Making the Most of LinkedIn, Right Now (updated for 2017)


Since first writing about LinkedIn nearly four years ago, the professional networking site has only continued to solidify its role in the world of business.  During this same period LinkedIn has added users hand over fist.  It now is past 467 million members, with 128 million in the US alone (10/16).  LinkedIn adds two new members every second, and 40% of all members check LinkedIn daily.  No matter your personal feelings about the site, these numbers are saying something important.  Don’t underestimate the role LinkedIn can play in your career.

Your new year’s to-do list should include freshening up your online presence via your LinkedIn profile.  If you haven’t visited LinkedIn recently, minor changes may have been made to its functionality.  Meaning, they move stuff around from time to time, and you might need to go looking for it.  

I’m Not Looking For A New Gig

Committed managers and employees may wonder why they should invest time in an online profile if they are not seeking employment elsewhere.  Yes, LinkedIn got its start as a meeting ground for recruiters and their prospects, but it has now evolved into more than a place to find professional employment matches.  Professional people often network during the course of a typical day by pulling up colleagues’ profiles and looking them over.  How yours appears can greatly reflect on your overall credibility.

Online credibility can impact decisions made by future customers, bosses, employees and co-workers:

  • Do your credentials suggest enough expertise to be a viable service provider?
  • Is your profile written in a thoughtful and complete manner, or does it appear to be slipshod, suggesting a lack of care or detail-orientation?
  • Is your business described in an interesting way to show concern about your profession?
  • Do you appear to be the type of leader other professionals want to work for, or to be associated with?

Because LinkedIn has become such a proven tool for peering beyond your corner of the business world, judgment abounds.  More than just a photo, how you manage your entire profile can also convey information about you whether you want that or not:

Your photo – Profiles with photos are 36 times more likely to be recognized as a credible professional on LinkedIn, so select an appropriate, interesting image that conveys a bit of your personality.  Glamour shots, party pics or selfies taken while driving may send all sorts of unintended messages.  

Your contacts – people seem to have different standards for whom they select to connect with and then allow to connect with them.  We recommend a more liberal approach than perhaps used for purely social platforms.  Increasing the number of contacts enables the magic of LinkedIn (aka: the algos) to happen.  If your job requires you to actively network, such as with business development or recruiting, anything less than 500 contacts may suggest that you aren’t serious… or worse, just ineffective.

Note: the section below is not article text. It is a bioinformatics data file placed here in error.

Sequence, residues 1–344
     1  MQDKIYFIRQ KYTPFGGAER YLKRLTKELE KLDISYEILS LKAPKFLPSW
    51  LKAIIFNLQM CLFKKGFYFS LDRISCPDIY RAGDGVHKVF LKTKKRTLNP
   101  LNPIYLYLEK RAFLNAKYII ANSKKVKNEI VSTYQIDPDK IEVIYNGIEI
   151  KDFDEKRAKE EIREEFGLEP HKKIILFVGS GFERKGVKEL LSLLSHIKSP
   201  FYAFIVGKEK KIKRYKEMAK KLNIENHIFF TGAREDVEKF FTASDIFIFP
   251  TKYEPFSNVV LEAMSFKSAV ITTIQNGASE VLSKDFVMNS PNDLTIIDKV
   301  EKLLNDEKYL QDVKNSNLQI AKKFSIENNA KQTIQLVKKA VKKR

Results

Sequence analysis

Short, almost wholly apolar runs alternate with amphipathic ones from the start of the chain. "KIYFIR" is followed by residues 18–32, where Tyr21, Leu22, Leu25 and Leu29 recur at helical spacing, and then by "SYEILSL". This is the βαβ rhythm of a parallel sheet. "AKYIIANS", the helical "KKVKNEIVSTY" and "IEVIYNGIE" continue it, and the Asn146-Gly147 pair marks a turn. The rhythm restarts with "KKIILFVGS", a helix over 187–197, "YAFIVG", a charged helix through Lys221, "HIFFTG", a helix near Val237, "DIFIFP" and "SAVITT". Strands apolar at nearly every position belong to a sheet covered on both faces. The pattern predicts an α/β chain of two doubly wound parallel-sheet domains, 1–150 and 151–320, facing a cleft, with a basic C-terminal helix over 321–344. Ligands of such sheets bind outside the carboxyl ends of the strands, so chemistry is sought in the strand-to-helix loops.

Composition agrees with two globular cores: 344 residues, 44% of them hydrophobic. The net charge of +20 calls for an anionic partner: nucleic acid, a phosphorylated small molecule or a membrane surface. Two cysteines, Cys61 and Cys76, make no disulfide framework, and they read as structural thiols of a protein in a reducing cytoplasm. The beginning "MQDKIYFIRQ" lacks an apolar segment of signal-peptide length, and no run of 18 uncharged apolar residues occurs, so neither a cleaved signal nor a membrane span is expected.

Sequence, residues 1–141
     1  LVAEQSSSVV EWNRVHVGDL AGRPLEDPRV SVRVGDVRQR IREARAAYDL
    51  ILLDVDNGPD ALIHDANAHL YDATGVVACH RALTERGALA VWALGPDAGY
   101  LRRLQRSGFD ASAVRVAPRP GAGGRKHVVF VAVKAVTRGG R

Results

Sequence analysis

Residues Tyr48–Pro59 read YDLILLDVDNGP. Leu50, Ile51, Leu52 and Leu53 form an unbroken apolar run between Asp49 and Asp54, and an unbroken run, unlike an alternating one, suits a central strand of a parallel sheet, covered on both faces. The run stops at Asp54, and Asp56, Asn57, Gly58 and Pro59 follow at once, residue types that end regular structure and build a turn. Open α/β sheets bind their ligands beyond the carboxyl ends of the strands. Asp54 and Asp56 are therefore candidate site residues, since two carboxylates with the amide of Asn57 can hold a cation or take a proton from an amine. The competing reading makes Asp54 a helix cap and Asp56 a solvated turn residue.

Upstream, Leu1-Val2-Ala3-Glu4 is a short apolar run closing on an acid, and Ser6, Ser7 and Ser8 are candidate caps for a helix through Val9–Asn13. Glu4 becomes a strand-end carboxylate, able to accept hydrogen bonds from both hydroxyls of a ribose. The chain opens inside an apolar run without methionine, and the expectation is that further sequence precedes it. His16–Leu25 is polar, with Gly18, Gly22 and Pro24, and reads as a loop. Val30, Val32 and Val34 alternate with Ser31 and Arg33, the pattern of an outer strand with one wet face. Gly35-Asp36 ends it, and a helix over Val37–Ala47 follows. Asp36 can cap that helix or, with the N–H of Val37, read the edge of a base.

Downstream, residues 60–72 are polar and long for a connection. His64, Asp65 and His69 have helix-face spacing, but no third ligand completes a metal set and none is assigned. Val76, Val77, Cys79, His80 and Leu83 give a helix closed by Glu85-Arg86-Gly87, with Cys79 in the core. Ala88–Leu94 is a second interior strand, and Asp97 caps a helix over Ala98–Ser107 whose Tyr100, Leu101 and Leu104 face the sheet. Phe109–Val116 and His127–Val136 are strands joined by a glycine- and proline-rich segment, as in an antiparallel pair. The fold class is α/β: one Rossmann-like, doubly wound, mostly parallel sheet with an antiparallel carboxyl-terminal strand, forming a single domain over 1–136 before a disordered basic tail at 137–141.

Your text – assuming that you do want to be found on LinkedIn, keywords reign supreme.  Selecting the right “universal” keywords (those commonly used by others similar to you) will enable your profile to be located.  Using keywords appropriately in a repetitive manner makes you more “relevant” and will bump you to the top of the list when searches are conducted using your keywords. Check out the profiles of those you admire. It’s OK to borrow ideas for your profile.

If it’s been awhile since you visited your profile, definitely use the new year to take a fresh look at your digital self through the eyes of others.  Explore LinkedIn’s improved interface (updated in 2016) and pull-down menus.  Open tabs and see what’s available.  But before you do, click on your small photo in the upper right of your screen and examine the sub-menu.  Look for “Privacy & Settings / Manage.”

Before making any changes to your profile, turn off “Sharing Profile Edits” so that you can make changes to your profile without anyone knowing.  Otherwise, every tweak you make will be published in your activity feed and visible to all of your contacts.  People don’t need to know what changes you’re making or how many you’ve made or when.  They just need to see a great looking result when you’re finished.  This is especially important when revising the wording of your title or role.  LinkedIn interprets any change to titles as a new job and then announces it to your contacts with great flourish.  For those who are unemployed and seeking work, this clearly is not wanted.  Review all Privacy settings carefully before making changes to your profile.